She stopped struggling. “You’ll never understand. Please, Sameer, I can’t be with you. Walk away from me. For your own good. It’s best for both of us.”
“I don’t believe it.” He jabbed his finger at the stairwell. “Just a minute ago you were kissing me. Tell me it meant nothing to you!”
He saw a sparkle of tears in her eyes and his face softened. “Moyna, look into my eyes and tell me you don’t love me.”
She didn’t say anything. He wrapped her into a powerful embrace and kissed her, tasting the tears on her cheeks. He shivered as her hands snaked below his arms and ran up his back, hooking around his shoulders; she clung to him, and their bodies molded into each other.
He felt the warmth of her breath, her skin, and her flesh, and knew he never wanted to be with anyone else. After a moment’s hesitation, she kissed him back, sending his head spinning.
He lifted her off her feet with ease and pinned her against the wall. She wrapped her arms around his neck and nipped at his lips, as his hand found her breast. Control was out of the question. The fire of that raw desire burnt any logic he had left. He wanted her as much as she wanted him.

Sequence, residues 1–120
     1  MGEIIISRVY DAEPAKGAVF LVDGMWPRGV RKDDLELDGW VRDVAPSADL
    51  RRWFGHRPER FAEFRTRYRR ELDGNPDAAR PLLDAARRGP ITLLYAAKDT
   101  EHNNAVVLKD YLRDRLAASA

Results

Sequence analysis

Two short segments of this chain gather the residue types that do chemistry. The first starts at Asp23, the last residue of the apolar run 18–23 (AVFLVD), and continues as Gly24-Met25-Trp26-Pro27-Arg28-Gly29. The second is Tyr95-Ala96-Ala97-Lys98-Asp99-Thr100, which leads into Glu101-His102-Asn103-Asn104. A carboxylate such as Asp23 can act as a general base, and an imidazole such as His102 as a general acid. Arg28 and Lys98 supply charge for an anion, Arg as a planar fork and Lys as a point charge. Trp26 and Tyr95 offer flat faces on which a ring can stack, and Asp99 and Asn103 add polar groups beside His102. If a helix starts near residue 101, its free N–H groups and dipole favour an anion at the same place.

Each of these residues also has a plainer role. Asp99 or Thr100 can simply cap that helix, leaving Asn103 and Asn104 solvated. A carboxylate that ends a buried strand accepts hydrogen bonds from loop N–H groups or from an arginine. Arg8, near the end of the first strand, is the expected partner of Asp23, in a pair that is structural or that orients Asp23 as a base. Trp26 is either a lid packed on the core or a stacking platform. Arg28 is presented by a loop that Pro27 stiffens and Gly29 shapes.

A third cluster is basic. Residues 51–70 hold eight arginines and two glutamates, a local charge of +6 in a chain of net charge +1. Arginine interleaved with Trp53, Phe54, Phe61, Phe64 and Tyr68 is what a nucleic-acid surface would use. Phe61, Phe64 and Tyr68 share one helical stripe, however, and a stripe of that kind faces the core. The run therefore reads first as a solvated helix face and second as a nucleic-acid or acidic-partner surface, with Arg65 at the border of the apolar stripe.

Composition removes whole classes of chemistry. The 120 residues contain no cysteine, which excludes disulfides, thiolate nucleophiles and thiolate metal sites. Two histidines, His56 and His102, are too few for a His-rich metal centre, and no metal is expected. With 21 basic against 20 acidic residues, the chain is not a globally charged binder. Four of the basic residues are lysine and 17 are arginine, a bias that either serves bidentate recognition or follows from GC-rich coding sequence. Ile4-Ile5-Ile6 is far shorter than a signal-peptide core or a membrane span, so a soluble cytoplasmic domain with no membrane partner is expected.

And then she struggled out of his embrace. A sharp pain pierced through his numbed consciousness when she stamped on his shoe with her three inch heel. He winced and hopped on one foot.
Panting, she glared at him and scrubbed her mouth. Then she pushed against him with both her hands, her eyes brimming with angry tears. “You arrogant, presumptuous, selfish bastard! Just because you’ve never been refused anything in your life, you think you can go about taking what’s not yours.”
Confused, he frowned and took a step toward her as she backed into the wall. “But you’re mine, Moyna!”
She gave a scornful laugh. “Your wealth means nothing to me. Your beauty means nothing to me. You’ll never be like Karan. Karan was brave, noble and selfless. You’re nothing!”
Sameer stepped back, his mind in turmoil. She hates me. Her dalliance with him had been a farce. The last three years had been a lie. He rubbed his forehead, stunned. “Wh…”
She yelled in a shaking voice, “Do you hear me? You mean nothing to me! Leave me alone.”
He clenched his fists, turned on his heel, and walked away, his steps booming in the quiet corridor, as his future with her vanished into oblivion.
My Honest Review :
What is a Promise? What are the
consequences that one faces when one gives a promise to protect his/her near and
dear ones? To what extent does one go to fulfill a given promise?
What effect does a child’s psych
have when the child is branded as unlucky or is blamed as the cause of all the
untoward incidences just because there is no one else to blame.
Shadowed Promise by Sunanda
Chatterjee efficiently portrays how a woman’s insecurity and jealousy can spoil
and mar so many near and dear one’s lives.
Moyna who is orphaned at a very